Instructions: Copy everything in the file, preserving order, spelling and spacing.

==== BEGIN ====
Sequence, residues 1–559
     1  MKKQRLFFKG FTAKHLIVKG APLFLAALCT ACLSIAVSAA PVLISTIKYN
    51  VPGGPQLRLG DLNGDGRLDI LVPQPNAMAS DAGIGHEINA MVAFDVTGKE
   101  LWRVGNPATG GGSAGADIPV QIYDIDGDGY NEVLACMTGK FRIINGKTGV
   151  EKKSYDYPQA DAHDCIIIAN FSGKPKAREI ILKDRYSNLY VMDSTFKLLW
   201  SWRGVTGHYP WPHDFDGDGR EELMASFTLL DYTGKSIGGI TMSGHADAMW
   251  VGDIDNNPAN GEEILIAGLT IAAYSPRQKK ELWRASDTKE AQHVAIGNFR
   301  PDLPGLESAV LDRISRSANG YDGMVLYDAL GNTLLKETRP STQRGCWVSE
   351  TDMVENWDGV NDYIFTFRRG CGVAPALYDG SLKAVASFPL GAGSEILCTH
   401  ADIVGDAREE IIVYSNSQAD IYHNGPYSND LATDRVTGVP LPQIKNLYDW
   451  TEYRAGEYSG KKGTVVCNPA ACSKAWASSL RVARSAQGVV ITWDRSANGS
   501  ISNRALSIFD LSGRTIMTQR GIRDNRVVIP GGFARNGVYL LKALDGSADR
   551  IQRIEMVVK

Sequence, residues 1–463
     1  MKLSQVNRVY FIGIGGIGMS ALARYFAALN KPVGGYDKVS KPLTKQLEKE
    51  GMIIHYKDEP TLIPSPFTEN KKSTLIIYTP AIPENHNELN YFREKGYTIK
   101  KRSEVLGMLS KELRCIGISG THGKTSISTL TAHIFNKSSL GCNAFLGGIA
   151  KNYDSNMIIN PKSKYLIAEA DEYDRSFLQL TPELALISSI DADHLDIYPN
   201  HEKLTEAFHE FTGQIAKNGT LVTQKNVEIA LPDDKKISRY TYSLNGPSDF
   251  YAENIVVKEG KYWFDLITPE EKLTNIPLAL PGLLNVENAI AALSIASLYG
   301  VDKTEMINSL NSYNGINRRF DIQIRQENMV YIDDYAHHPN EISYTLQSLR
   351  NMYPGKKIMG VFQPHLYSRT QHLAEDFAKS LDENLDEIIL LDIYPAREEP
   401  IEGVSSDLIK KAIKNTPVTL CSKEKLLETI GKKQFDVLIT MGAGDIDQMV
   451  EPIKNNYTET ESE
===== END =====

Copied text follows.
Sequence, residues 1–559
     1  MKKQRLFFKG FTAKHLIVKG APLFLAALCT ACLSIAVSAA PVLISTIKYN
    51  VPGGPQLRLG DLNGDGRLDI LVPQPNAMAS DAGIGHEINA MVAFDVTGKE
   101  LWRVGNPATG GGSAGADIPV QIYDIDGDGY NEVLACMTGK FRIINGKTGV
   151  EKKSYDYPQA DAHDCIIIAN FSGKPKAREI ILKDRYSNLY VMDSTFKLLW
   201  SWRGVTGHYP WPHDFDGDGR EELMASFTLL DYTGKSIGGI TMSGHADAMW
   251  VGDIDNNPAN GEEILIAGLT IAAYSPRQKK ELWRASDTKE AQHVAIGNFR
   301  PDLPGLESAV LDRISRSANG YDGMVLYDAL GNTLLKETRP STQRGCWVSE
   351  TDMVENWDGV NDYIFTFRRG CGVAPALYDG SLKAVASFPL GAGSEILCTH
   401  ADIVGDAREE IIVYSNSQAD IYHNGPYSND LATDRVTGVP LPQIKNLYDW
   451  TEYRAGEYSG KKGTVVCNPA ACSKAWASSL RVARSAQGVV ITWDRSANGS
   501  ISNRALSIFD LSGRTIMTQR GIRDNRVVIP GGFARNGVYL LKALDGSADR
   551  IQRIEMVVK

Sequence, residues 1–463
     1  MKLSQVNRVY FIGIGGIGMS ALARYFAALN KPVGGYDKVS KPLTKQLEKE
    51  GMIIHYKDEP TLIPSPFTEN KKSTLIIYTP AIPENHNELN YFREKGYTIK
   101  KRSEVLGMLS KELRCIGISG THGKTSISTL TAHIFNKSSL GCNAFLGGIA
   151  KNYDSNMIIN PKSKYLIAEA DEYDRSFLQL TPELALISSI DADHLDIYPN
   201  HEKLTEAFHE FTGQIAKNGT LVTQKNVEIA LPDDKKISRY TYSLNGPSDF
   251  YAENIVVKEG KYWFDLITPE EKLTNIPLAL PGLLNVENAI AALSIASLYG
   301  VDKTEMINSL NSYNGINRRF DIQIRQENMV YIDDYAHHPN EISYTLQSLR
   351  NMYPGKKIMG VFQPHLYSRT QHLAEDFAKS LDENLDEIIL LDIYPAREEP
   401  IEGVSSDLIK KAIKNTPVTL CSKEKLLETI GKKQFDVLIT MGAGDIDQMV
   451  EPIKNNYTET ESE